Ehsan Mani: 'Imran has always encouraged Pakistan to play India'

Ehsan Mani adds that he has opened a dialogue channel with the BCCI executives for a "future course of action".

Ehsan Mani during a press conference at the Dubai International Cricket Stadium.   -  AFP

A day after the newly-elected Pakistan Prime Minister Imran Khan, the former World Cup-winning captain, used unparliamentary language for his India counterpart, Pakistan Cricket Board (PCB) chief Ehsan Mani hoped it will not have any bearing on the already-strained relationship between the PCB and the Board of Control for Cricket in India (BCCI). The PCB chairman took on questions from journalists across the continent on various issues plaguing Pakistan cricket.

Excerpts:

Does Imran Khan’s tweet have the potential to strain relations further between both the countries and both the boards?

As far as Imran Khan’s tweet is concerned, India had also given a statement, it was a reaction to that. Cricket boards have to work towards playing cricket, they shouldn’t get into politics, that’s what we’re talking with our Indian counterparts. There’s some bridge building to do, hopefully we will be able to make some ground because the relations haven’t been great.

Will Imran’s statements make it tough for PCB to convince BCCI for bilateral cricket?

Imran Khan’s statement shouldn’t be looked at in isolation. India too made a personal dig at him against a few unfortunate killings in Kashmir. So his response may have been because of that. When politicians talk, we shouldn’t get it into it. We should focus on matters concerning the cricket boards. When the Kargil incident happened, even then we didn’t stop dialogues. We knew cricket was tough, but every effort was made to renew bilateral ties. I strongly believe politics and politicians shouldn’t influence cricket. Politics has no role to play in cricket, if politics enters, then cricket will be used as a tool in politics. Imran Khan, like the previous governments of Pakistan, has always encouraged matches against India.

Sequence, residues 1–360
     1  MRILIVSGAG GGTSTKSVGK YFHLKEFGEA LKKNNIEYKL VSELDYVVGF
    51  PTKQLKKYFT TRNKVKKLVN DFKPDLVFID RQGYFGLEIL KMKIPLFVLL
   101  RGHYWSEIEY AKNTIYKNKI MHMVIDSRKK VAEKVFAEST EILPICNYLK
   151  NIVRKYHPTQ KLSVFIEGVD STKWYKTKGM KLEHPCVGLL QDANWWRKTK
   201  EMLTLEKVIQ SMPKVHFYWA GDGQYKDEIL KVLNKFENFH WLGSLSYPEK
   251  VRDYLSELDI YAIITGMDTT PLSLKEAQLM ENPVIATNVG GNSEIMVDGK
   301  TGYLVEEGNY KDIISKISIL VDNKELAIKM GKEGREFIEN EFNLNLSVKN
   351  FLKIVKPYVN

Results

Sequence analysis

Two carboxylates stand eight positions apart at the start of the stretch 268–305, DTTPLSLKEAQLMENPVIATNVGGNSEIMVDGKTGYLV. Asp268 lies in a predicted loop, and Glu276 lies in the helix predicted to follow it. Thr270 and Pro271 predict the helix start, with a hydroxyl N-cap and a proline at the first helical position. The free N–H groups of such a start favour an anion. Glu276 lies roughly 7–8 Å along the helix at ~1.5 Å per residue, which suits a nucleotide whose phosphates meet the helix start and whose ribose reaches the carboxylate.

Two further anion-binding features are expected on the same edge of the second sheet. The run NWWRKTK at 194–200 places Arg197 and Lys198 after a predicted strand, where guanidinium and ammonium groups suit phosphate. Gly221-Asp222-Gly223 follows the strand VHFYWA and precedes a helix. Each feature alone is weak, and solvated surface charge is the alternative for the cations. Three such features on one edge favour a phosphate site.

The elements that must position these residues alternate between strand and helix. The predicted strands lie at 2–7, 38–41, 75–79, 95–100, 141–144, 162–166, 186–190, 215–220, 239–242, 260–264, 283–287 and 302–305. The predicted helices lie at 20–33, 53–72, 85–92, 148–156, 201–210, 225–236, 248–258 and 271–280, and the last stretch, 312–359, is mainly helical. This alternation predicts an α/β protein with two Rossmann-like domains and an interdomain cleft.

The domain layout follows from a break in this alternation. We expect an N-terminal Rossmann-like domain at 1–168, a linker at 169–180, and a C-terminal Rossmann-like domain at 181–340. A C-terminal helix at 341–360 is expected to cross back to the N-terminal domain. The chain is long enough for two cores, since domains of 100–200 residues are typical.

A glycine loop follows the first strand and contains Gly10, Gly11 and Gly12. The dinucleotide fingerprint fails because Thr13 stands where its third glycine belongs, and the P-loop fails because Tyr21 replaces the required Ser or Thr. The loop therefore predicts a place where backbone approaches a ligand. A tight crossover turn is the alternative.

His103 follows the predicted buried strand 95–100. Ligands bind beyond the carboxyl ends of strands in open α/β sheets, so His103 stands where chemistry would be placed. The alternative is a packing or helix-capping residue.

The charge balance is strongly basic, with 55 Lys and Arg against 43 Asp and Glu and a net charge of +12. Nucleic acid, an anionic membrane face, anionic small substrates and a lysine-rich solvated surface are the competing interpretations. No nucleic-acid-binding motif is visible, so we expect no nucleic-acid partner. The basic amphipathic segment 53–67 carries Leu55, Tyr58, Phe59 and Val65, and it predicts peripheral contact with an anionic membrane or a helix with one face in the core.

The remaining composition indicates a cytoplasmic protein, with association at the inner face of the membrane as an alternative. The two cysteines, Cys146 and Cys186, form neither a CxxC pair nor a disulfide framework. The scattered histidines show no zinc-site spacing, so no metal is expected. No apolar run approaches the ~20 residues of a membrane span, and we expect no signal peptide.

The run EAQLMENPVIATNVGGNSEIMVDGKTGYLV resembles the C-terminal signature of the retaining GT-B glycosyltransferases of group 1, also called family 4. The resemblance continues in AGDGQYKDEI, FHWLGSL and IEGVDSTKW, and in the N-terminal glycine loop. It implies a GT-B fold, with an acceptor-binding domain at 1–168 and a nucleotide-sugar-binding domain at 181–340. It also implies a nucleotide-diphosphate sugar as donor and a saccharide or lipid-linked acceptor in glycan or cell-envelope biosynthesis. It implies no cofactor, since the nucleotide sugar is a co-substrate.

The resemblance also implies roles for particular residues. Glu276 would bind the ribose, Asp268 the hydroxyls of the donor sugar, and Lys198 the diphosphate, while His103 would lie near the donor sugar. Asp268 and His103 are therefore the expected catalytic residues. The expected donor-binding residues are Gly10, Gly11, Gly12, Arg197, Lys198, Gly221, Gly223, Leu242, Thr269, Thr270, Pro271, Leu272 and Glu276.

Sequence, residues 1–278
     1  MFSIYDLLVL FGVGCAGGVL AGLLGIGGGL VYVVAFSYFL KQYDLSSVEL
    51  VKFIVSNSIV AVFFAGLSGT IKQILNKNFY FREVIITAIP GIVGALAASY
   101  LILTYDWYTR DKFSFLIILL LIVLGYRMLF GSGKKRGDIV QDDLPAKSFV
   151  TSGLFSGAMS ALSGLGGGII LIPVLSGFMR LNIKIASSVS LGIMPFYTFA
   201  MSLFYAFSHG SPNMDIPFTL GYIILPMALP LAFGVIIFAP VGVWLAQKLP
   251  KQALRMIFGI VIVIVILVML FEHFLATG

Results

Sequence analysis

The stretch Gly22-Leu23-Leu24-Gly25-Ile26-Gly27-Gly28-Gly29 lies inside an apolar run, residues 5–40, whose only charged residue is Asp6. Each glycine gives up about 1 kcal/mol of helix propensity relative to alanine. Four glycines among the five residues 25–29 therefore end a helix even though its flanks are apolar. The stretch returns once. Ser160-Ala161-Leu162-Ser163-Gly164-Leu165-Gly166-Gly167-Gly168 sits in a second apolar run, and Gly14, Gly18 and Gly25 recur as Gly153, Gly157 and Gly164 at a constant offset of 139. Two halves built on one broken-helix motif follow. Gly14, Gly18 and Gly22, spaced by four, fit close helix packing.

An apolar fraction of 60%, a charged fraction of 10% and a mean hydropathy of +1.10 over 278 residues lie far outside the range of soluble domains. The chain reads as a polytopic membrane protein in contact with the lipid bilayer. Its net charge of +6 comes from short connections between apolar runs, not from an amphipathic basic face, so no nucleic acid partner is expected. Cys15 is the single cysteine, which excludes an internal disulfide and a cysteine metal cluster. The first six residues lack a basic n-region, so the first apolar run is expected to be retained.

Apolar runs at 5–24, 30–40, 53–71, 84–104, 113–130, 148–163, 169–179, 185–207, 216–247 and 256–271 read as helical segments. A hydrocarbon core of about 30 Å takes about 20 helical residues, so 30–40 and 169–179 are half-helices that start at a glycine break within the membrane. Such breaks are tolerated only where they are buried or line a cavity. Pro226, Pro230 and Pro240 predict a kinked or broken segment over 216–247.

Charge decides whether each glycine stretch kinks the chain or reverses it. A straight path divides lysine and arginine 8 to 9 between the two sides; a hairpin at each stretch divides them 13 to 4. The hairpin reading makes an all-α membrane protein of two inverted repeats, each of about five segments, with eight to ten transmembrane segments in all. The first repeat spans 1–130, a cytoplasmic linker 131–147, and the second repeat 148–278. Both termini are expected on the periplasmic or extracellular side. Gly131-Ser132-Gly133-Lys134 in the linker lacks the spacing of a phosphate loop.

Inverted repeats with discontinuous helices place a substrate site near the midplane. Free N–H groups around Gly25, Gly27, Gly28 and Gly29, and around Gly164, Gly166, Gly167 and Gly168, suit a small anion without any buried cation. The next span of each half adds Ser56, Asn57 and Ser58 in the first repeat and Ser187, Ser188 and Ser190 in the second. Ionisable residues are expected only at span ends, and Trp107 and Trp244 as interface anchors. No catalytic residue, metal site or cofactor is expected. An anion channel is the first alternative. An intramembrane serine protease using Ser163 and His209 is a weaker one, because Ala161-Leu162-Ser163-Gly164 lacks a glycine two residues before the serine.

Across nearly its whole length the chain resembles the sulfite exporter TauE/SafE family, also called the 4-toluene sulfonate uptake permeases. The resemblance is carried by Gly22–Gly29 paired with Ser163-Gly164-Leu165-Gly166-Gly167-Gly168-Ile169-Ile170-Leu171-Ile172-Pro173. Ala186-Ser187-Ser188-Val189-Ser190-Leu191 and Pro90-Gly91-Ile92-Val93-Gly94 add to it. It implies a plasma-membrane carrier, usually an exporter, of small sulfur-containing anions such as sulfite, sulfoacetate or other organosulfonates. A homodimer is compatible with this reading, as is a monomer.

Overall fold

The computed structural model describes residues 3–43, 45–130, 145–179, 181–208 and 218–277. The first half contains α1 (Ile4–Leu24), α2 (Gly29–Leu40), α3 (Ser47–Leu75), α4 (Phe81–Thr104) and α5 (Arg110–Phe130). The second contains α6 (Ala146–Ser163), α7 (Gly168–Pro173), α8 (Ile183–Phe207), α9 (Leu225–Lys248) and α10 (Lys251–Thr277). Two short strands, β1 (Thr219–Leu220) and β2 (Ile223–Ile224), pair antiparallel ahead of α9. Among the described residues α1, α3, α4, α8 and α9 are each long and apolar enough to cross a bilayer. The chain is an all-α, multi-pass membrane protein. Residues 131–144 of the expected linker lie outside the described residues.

Don't you think Imran Khan's tweet was rash, and it might affect India-Pakistan cricket?

Look, I'll say it again. What politicians talk, we shouldn't get into that. Our concentration should be on keeping the dialogue between the two boards going. I was in a similar situation when the Kargil incident happened. I was involved with the ICC and we never left our dialogue. We understood that in those circumstances, playing cricket was tough. But our full effort was to quickly bring the relationship between the two countries on a track where there can be cricket between the two.

Today India and Pakistan are playing here, and I strongly believe that there shouldn't be interference from politics and politicians in cricket. Hence, I have no doubt that very clearly that politics has no role to play in cricket and if there's politics in cricket, then cricket will be used as a tool for politics, which is wrong. Why doesn't this happen in the IOC, because IOC is very tough. If politics or politicians interfere...

Will Imran Khan allow the boards to continue playing against each other?

Imran Khan, like the previous governments of Pakistan, has always encouraged Pakistan to play against India.

How do you see the ongoing legal dispute against BCCI?

There’s a process that has started and it’s in its last stages. All the processes have taken due course, the final statements are due from October 1-3through the ICC arbitration panel. At this stage, it will be tough to comment. The process has gone further. I’ve always been with India, or any country for that matter. I used to treat all countries fairly during my time as ICC chairman.

Any team or India, if they tried to put pressure, during my time I never gave any favours. It’s important to maintain that balance. I’ve said this earlier, had I been involved when the dispute happened, every effort would have been made to sort it bilaterally. Unfortunately, we are where we are. We have to still progress, but my doors are always open.

How do you plan to build relationship with BCCI?

I have already had a very constructive discussion with my colleagues from India who are here. We'll have a lot of common ground going forward. We all understand whatever has happened in the past has happened; we have to move forward. At the end of the day, the game is bigger than any one person, it's bigger than the politicians. It reaches out across global spectrum.

When an India-Pakistan match is played, over a 100 billion people watch the game from all over the world. No one cares about the politics. The main thing is to get the cricket going and this is a main thing in that direction. Inshaallah, I am very hopeful the Board will work towards it. Am not saying we will get results on day one but we will work towards the common goal. The Board's endeavour should be for cricket, not anything else.

Read: Pakistan to review position on global cricket leagues

Do you fear that the legal suit may turn out to be counterproductive for PCB?

As I said, this process has already gone beyond resolving it amicably. It's in the final stages of reaching a conclusion. Both sides have to find a common solution for the future and I'll explore every possibility for the sake of the game.